During my last flare, one of the lymph nodes in my left arm became swollen and painful. Nearly two weeks later, more nodes were involved and I was in a great deal of pain. This is the first time that this has ever happened. I had e-mailed my rheum to brief him on the situation, and when it got worse, I made an impromptu appointment to see him.
The more I thought about it, the more it dawned on me that this was the same arm I had cellulitis in, for which I was hospitalized in October (see Adventures In The ER And MPU). And the pain was very similar to the pain I had during that time. Imagine someone wrapping a tourniquet around your arm and it getting tighter and tighter. My arm was in so much pain and so tender that I couldn’t even put deodorant on. But within two days of starting an antibiotic, my arm started to look and feel much better.
I saw my rheum last Wednesday, who told me that cellulitis can often incubate in the lymph nodes, and that this was likely a secondary infection; that Methotrexate (MTX) had knocked my immune system just enough to cause the cellulitis to become active again.
Now wouldn’t it have been nice if one out of the bazillion doctors I saw would have mentioned the fact that just because cellulitis appears to be gone, it can incubate? Maybe they were worried that this information would make me paranoid and hypervigiliant. But I don’t think it would have made me any more than I already am, especially since that October hospitalization.
But this experience, as with the cellulitis the first time, made me realize that I am the main arbiter of my health, and if I don’t look out for myself, no one else will. I have to trust my instincts. I knew that what was happening under my arm was not normal. And the more I connected the dots, the more I worried that this was something serious, more than a cut from shaving or an ingrown hair. And yet, I waited nearly a week to make first contact with my rheum. I tried to convince myself that whatever was going on would resolve on its own, but instead it only got worse.
In America, the land of consumerism, it used to be that the customer was always right. Not so anymore. But if such a maxim still held, I wish the same also held for patients. After all, we keep our doctors (and the pharmaceutical companies) in business. And yet our word is often seen as hearsay. And maybe this is self-fulfilling and causes us to think that our opinions should be taken with a grain of salt. After all, I haven’t gone, and don’t plan on going, to medical school. But while I may not have a degree in medicine, I do have the market cornered on my body…most of the time, anyway…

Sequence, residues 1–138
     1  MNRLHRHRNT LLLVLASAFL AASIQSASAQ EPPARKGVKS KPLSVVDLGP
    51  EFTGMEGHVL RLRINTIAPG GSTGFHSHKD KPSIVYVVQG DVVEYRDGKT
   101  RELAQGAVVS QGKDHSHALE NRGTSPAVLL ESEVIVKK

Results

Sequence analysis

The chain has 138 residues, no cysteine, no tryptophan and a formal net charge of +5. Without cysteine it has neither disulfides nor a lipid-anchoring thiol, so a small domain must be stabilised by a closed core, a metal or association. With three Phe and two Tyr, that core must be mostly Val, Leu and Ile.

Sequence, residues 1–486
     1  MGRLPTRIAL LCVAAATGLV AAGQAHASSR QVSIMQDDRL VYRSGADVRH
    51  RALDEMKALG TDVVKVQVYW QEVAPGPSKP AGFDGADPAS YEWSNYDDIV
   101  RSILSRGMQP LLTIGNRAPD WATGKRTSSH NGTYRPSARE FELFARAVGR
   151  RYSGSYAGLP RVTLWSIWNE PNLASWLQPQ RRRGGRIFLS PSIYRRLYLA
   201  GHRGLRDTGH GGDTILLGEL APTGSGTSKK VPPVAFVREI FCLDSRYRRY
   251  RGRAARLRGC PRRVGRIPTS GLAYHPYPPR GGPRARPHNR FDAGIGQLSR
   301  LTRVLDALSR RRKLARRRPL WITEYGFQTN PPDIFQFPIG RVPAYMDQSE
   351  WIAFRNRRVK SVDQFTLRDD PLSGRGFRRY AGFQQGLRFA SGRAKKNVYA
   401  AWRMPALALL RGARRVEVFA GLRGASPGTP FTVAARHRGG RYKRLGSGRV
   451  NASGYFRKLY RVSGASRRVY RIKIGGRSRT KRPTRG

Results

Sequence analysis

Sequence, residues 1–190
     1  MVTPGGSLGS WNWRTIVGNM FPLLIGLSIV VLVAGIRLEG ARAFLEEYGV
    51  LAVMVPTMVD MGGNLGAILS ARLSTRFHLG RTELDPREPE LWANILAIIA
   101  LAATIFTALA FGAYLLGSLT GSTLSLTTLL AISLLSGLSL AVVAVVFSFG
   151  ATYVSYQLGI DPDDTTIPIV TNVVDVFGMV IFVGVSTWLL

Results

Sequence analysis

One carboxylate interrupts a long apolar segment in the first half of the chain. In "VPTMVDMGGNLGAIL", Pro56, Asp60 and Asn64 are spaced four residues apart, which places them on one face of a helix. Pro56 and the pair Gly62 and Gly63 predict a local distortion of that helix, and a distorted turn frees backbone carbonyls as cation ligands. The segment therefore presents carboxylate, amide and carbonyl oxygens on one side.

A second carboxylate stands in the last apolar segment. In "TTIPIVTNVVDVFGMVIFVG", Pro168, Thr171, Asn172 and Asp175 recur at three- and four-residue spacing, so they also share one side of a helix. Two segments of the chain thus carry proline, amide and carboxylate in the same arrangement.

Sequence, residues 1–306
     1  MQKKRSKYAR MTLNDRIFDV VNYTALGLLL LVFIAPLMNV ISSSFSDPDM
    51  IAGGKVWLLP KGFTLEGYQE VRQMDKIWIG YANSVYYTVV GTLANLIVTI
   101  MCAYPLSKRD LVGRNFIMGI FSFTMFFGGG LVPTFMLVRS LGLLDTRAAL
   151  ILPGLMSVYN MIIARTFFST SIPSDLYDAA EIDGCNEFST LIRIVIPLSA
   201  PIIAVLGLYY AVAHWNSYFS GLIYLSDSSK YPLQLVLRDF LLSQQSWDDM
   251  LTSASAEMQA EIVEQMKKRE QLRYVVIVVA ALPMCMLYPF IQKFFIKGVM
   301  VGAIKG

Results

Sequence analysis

And I think my rheum knows by now that he only hears from me between scheduled appointments if something is seriously not right, and in need of his attention. He also knows that given the original cellulitis infection, the pneumovax debacle, he is the one I go to first for anything more than routine issues.
Anyway, at my appointment, my rheum had a very “green” medical student come and talk to me first. She was asking all sorts of bizarre questions. Have I been exposed to industrial waste? Do I do monthly self breast examines? I could tell where this line of questioning was going. The “Big C.” It’s not like I hadn’t entertained that idea in my mind already – fever, swollen lymph nodes (But apparently, according to my rheum, issues related directly to lymph nodes aren’t tender to the touch. Who knew?). But given that the original node swelling had been related to a flare, I figured it had to be related to that. And not the fact that I drink radioactive sewage for breakfast…just kidding!
In some ways, I had some vague idea of what was going on. I didn’t need some med student trying to convince me otherwise. And my doctor came in, took a look, asked a few questions, and pretty much knew what was going on, too, based on all of the information I had provided for him via e-mail.
So I’m off MTX, again, and hoping I’ll be able to go back on it in a couple of weeks, once I’m off the antibiotic (Keflex).
More importantly, though, I am also reminded how much medicine is an inexact science. Doctors can only do so much, especially given the resources they have available to them. This whole re-upping of cellulitis is a perfect example. I’m on MTX so it can attempt to reign in my crazy immune system. But the catch is that if it suppresses my immune system too much in the other direction, I’ve opened myself up to a host of other issues, including pesky infections that my body is incapable of fighting off. (And as of this week, the picture for new drugs to treat lupus and rheumatoid arthritis got a bit more dismal)
So what’s the next step for me? I’m not really sure at this point. I’m hoping that I can go back on MTX, at least until my next (scheduled) appointment with my rheum in June. And from there, hopefully finding a drug that I can tolerate, does a pretty good job of reducing my symptoms, and doesn’t try to kill me in the process. But at this point, I’ve resigned myself to the fact that, that may be asking for too much. The thing I do know for sure, though, is that when it comes to my health and the care I receive, I know best!
And speaking of patients, check out the latest edition of Patients For A Moment, courtesy of Duncan Cross.